4. German New Guinea and Queensland

They had a gig wireless station on the island, but it was too far inland for us to take it then and I suppose we had other work on, so we left that day until we got land troops and took possession properly, that was nearly a month after, so it gave the Germany plenty of time to defend the wireless stations, but I must proceed to tell you my wanderings before we came back to take possession. There are so many islands in this part of the Pacific that it is easy for a ship to hide away, so, after leaving Simpson Haven, we steamed slowly through the Solomon Group of Islands, which was a fine trip, although we were having spasms all the time, taking trees for masts of ships, etc., we were on our way to Rossel Is. for coal and oil, we coaled in a great reef with the entrance facing the island, we there met the Melbourne, for the first time since the outbreak of the war; from Rossel Is. we made for Sandy Cape, off the coast of Queensland, we picked up a transport there loaded with troops formed in Sydney, she was the “Berrima” one of the latest P. & O. Branch Boats, we escorted her into a small harbour at Palm Is. further north of Queensland. We then went into Townsville for coal, provisions, etc., after we had got all ready for sea again, we all went for a route march through Townsville, we stopped in batches at two hotels and were allowed to have one drink, only one, of course, and as many more as you could get in the time allowed, it was very hot weather you know, and we marched back to the ship singing songs and all happy and satisfied. We then returned to Palm Island and as we were waiting orders, we had a fairly easy time for a couple of days, there were a few seining (fishing) parties; while at Palm Is. we picked up our two submarines and together with the transport, we proceeded to Port Moresby, British New Guinea. We there met another transport the “Kanowna” which had been formed in Queensland, she was ordered with us to Rossel Is. again, but on our way something went wrong with her and our skipper ordered her to proceed to Townsville and disband, we carried on to Rossel Is., we then picked up the remainder of the Fleet, and went to Rabaul again, landed troops and after quite a few exciting spasms took possession of G. N. Guinea and Bismark Archipelago. While we were there, we lost a submarine A.E.1 with all hands. We were ordered to Sydney, but we first steamed up the coast in search of the submarine.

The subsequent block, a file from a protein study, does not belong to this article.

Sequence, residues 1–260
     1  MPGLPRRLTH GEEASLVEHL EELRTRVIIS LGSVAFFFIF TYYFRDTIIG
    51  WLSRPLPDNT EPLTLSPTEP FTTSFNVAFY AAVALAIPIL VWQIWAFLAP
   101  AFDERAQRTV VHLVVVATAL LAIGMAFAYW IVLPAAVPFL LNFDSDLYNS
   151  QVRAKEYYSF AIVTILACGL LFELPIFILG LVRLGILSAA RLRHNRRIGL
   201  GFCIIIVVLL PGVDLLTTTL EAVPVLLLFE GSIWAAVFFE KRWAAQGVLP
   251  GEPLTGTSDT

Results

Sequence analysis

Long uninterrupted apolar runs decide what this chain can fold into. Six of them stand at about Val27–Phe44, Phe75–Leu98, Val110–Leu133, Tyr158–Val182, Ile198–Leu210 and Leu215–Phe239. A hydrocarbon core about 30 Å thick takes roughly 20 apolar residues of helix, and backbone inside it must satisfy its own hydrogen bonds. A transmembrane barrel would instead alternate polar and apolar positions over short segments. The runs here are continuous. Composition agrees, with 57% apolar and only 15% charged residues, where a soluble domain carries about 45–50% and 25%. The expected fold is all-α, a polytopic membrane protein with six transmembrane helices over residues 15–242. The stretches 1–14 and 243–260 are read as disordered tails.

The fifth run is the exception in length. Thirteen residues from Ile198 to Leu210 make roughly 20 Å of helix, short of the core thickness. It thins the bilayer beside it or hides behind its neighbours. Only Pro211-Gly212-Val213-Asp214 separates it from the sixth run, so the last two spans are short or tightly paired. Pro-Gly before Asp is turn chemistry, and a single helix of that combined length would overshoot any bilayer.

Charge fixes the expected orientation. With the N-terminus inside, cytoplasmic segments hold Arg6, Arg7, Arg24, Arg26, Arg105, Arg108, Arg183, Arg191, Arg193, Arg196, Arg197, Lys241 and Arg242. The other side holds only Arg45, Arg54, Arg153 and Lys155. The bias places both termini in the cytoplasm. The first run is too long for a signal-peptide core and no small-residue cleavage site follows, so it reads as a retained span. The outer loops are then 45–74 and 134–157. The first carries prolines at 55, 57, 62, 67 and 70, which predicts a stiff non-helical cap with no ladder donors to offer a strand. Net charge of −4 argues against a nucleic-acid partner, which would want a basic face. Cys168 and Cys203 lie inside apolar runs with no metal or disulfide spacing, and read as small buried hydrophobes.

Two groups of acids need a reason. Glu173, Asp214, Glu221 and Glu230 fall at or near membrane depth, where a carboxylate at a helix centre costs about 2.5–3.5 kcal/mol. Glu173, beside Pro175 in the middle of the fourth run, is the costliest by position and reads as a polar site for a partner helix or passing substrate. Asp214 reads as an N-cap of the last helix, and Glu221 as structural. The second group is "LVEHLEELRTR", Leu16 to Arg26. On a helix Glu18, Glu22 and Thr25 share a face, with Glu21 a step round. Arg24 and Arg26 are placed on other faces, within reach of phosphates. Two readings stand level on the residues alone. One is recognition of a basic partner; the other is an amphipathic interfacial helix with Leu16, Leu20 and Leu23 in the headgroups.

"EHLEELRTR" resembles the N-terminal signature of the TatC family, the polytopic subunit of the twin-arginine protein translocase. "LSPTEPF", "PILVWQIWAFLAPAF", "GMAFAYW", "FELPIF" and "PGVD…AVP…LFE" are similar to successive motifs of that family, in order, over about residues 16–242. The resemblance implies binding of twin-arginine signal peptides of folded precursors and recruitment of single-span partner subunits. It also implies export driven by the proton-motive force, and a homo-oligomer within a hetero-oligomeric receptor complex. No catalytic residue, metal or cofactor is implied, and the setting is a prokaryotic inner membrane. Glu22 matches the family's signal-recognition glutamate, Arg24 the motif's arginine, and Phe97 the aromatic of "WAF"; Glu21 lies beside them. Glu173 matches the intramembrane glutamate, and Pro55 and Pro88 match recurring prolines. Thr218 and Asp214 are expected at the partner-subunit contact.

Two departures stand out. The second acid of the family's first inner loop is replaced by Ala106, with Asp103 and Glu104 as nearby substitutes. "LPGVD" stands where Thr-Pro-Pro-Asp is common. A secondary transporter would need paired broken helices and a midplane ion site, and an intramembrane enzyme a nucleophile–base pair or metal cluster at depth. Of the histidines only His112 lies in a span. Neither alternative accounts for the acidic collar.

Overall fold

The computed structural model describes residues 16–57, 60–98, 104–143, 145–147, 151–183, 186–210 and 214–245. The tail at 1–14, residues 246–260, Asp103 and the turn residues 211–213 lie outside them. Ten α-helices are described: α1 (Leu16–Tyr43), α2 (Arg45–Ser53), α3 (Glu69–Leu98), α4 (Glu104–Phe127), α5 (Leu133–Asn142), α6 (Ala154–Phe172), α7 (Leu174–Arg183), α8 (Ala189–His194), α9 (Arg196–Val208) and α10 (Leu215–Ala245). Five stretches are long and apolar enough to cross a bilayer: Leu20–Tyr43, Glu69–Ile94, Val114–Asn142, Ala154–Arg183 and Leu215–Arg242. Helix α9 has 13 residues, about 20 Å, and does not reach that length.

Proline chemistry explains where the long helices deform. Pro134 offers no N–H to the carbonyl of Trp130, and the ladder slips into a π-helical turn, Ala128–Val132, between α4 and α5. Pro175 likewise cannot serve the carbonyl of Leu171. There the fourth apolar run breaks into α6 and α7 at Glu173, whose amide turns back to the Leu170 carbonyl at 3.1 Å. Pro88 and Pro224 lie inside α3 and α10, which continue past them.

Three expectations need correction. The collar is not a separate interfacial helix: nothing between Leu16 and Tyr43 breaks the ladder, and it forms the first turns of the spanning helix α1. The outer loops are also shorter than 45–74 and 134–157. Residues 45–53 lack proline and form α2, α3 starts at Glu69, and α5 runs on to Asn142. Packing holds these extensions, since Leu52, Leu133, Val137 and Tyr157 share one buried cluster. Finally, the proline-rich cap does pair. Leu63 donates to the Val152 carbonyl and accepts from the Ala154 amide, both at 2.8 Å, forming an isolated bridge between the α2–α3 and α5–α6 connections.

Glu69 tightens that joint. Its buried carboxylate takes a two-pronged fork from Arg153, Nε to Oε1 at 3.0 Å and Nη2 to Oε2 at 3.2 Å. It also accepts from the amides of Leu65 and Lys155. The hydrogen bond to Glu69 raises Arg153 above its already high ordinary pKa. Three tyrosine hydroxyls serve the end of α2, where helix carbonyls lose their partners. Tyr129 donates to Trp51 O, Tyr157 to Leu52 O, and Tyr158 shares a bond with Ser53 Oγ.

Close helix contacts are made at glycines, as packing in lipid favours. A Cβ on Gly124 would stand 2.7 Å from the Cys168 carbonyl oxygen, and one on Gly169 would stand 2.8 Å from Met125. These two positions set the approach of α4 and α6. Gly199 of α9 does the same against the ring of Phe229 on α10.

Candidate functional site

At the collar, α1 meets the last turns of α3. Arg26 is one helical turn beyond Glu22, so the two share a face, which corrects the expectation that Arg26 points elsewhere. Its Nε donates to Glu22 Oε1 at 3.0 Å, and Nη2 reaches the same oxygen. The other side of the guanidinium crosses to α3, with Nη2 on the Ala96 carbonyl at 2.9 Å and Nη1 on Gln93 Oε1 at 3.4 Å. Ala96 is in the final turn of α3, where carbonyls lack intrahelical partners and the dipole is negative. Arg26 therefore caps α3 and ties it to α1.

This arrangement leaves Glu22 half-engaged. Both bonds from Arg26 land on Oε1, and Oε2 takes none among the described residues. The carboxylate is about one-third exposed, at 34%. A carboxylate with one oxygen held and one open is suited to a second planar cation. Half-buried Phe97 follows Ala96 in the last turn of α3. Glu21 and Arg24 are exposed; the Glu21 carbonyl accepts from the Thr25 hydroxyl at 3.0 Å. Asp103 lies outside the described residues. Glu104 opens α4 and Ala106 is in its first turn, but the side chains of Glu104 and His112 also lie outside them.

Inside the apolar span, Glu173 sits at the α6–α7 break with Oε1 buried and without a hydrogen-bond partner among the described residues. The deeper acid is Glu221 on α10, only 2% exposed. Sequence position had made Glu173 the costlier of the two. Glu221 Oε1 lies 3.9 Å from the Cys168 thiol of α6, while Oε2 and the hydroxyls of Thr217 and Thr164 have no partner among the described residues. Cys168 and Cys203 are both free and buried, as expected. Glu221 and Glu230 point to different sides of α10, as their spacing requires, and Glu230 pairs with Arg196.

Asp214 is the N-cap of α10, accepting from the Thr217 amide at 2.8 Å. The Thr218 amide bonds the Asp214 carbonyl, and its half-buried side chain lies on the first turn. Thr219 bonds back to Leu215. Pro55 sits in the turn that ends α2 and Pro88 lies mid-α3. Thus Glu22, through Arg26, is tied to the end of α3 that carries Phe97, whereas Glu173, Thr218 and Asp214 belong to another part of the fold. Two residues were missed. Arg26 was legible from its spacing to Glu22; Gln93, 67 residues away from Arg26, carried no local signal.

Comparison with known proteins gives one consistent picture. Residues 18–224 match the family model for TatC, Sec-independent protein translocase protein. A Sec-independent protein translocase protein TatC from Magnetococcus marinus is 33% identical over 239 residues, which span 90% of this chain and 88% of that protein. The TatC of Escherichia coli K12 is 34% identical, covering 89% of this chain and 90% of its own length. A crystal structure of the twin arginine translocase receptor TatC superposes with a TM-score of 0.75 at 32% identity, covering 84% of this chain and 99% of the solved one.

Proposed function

Image 1, painting of Pomonahaven, New Guinea by Frank Bukacs via Traditionsverband
Image 2, HMAS Melbourne via Wikipedia
Image 3, painting of Apia, Samoa by Frank Bukacs via Traditionsverband
Image 4 painted by Themistokles von Eckenbrecher, German New Guinea via Traditionsverband

International colonial interests claimed much of the land of the Pacific. In New Guinea, the main parties were Britain, Japan and Germany. The sustainable production of the indigenous inhabitants was disrupted to produced plantations for export. In German tropical colonies, Coffee, cocoa, tobacco and peanuts were grown for export around the globe, as can be read in the painting by von Eckenbrecher (upside down at the top), where a pricelist is offered free of charge. Control of the colonies meant control of the supplies of resources.(ed.)

No comments: